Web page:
Saw Tully, the latest effort from frequent collaborators Jason Reitman (director), Diablo Cody (writer), and Charlize Theron (star), and to be perfectly frank… I don’t know how I feel about it. It’s a very challenging movie—not because it’s structurally dense, but because it’s emotionally complex and brutally honest.
Theron plays a thoroughly exhausted mother that has just given birth to her third child, and although she tries to hide it, she’s absolutely miserable. Her husband does his best to ease her workload, but he’s equally married to his demanding job, and when he finally gets home, he tends to pick up his PS4 controller and disengage from reality. On the verge of a nervous breakdown, she hires a night nanny. For a while, she enjoys the extra sleep; the longer she spends in the company of the quirky younger woman, however, the more she begins to fear that she’s losing the adventurous, fun-loving parts of her pre-married, pre-parenthood self.
I won’t spoil any of the big twists, but I will say that there’s a wide gulf between what the film wants the audience to believe it’s about and what it’s actually about. I appreciate the misdirection, and I love where the narrative eventually ends up, but the scenes bridging that gap are executed somewhat…clumsily. The word “subtlety” has never really existed in Cody’s vocabulary, and while she reigns herself in admirably, her screenplay still lacks finesse in several key areas. That said, Reitman’s direction brings out the best in her script; he’s not overly flashy, but he capably utilizes the visual language of horror cinema to create an almost subconscious sense of unease and discomfort in the viewer, reflecting the protagonist’s fragile mental state. And, of course, Theron’s raw, vulnerable performance anchors the story, lending gravity and authenticity to even the most unwieldy lines of dialogue.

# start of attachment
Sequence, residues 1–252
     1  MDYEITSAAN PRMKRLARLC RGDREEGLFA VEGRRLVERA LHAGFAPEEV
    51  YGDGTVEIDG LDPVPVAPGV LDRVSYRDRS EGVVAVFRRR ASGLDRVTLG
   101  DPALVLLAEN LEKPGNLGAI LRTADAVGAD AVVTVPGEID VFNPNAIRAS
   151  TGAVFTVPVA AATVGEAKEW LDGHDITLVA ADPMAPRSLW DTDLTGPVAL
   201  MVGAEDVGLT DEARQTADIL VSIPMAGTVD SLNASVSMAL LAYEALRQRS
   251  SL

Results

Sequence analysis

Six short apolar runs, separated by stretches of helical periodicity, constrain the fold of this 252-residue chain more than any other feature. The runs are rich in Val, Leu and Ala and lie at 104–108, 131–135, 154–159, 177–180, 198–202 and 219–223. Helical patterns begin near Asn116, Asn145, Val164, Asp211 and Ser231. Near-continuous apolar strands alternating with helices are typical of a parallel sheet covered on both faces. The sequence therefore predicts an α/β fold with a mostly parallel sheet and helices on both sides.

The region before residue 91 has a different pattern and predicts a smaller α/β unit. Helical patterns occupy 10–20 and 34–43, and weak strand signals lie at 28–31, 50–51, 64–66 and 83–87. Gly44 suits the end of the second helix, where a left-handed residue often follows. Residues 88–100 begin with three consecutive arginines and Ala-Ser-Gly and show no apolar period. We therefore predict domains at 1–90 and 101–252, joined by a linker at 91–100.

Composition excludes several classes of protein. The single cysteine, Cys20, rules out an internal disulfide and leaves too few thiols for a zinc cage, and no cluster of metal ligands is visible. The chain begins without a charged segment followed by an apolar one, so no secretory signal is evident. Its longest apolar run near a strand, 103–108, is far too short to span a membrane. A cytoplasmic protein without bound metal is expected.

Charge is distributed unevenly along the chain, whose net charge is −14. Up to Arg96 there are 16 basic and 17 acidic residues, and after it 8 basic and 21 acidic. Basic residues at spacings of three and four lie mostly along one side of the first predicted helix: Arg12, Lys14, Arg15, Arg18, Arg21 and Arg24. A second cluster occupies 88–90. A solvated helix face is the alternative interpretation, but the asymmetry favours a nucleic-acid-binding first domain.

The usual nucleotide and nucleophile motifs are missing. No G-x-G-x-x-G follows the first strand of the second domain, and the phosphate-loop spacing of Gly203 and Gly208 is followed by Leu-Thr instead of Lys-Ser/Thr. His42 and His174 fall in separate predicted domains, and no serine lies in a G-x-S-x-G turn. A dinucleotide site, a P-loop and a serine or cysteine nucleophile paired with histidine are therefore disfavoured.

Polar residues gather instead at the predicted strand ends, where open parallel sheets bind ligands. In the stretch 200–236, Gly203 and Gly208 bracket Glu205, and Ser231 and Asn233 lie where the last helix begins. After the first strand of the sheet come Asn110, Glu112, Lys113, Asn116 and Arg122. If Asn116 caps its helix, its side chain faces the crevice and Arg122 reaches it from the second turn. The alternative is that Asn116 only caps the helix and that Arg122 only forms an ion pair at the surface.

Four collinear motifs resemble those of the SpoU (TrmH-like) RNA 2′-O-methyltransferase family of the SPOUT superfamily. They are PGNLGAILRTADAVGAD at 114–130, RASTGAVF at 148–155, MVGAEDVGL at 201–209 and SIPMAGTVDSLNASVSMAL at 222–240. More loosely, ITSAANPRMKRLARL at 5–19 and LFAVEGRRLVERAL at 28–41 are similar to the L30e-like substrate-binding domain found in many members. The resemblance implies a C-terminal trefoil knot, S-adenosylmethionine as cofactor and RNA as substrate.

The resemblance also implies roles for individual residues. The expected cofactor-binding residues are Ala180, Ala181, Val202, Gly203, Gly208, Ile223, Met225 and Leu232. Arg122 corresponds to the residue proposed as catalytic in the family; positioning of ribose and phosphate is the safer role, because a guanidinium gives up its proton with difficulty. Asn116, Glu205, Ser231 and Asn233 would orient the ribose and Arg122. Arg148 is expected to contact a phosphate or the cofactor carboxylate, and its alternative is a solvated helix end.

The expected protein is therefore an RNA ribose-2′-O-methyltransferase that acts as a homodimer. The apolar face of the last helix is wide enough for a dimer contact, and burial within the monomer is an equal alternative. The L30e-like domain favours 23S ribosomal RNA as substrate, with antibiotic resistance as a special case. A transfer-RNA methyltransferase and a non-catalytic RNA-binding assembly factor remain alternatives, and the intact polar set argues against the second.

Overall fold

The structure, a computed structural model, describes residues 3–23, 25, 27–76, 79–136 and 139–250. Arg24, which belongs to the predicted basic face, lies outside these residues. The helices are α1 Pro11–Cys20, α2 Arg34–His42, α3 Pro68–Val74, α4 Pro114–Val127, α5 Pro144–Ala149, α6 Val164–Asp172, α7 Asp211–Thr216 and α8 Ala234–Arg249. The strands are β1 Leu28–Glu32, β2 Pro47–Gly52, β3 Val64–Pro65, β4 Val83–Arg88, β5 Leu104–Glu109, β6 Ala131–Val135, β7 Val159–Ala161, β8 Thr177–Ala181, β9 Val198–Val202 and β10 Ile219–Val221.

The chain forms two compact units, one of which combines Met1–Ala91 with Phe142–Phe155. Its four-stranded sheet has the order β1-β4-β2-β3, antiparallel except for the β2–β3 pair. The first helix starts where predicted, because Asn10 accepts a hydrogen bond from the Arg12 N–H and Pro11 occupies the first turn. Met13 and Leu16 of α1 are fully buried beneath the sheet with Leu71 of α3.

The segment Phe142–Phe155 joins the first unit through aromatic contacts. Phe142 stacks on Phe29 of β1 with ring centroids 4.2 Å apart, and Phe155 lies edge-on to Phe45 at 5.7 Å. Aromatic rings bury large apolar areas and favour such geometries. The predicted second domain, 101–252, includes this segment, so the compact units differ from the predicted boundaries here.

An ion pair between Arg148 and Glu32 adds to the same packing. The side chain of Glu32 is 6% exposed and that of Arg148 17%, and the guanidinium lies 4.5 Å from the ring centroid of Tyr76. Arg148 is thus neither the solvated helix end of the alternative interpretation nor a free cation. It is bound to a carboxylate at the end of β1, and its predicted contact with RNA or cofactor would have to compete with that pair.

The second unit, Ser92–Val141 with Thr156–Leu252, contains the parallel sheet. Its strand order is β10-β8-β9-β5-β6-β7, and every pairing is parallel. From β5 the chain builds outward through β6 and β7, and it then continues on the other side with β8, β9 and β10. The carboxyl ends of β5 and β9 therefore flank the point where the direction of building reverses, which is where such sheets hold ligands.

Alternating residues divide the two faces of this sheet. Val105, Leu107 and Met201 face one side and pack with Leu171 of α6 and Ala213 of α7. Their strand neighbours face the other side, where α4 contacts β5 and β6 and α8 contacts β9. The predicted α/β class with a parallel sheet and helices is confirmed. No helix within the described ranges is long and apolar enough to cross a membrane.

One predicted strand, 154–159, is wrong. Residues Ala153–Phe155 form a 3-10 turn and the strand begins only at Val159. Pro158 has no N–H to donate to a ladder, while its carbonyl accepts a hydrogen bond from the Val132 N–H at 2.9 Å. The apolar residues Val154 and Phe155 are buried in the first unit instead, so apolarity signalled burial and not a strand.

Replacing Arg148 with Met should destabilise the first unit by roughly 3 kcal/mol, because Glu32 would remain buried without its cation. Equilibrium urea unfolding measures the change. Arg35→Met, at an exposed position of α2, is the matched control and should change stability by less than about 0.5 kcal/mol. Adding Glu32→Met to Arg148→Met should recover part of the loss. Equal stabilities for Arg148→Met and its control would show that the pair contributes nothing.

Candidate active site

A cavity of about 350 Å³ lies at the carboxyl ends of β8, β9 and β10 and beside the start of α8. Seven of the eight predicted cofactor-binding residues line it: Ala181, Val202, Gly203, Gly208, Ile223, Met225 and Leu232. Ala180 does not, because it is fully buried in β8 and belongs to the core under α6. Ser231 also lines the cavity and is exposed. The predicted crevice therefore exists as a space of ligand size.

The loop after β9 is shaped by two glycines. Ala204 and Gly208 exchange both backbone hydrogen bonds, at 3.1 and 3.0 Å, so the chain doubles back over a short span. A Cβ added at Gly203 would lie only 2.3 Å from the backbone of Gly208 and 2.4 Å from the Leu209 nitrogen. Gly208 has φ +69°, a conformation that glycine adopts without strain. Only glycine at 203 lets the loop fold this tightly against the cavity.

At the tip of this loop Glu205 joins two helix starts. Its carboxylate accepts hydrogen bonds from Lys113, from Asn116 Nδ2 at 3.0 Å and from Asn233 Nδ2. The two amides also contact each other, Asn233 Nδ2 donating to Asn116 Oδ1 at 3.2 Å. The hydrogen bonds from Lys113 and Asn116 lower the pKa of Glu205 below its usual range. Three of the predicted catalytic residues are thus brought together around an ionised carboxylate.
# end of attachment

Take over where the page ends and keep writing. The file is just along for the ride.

Ultimately, Tully’s a decidedly mixed bag, but much like a big bowl of assorted nuts, it’s easy to ignore the bits you dislike.
[Originally written May 14, 2018.]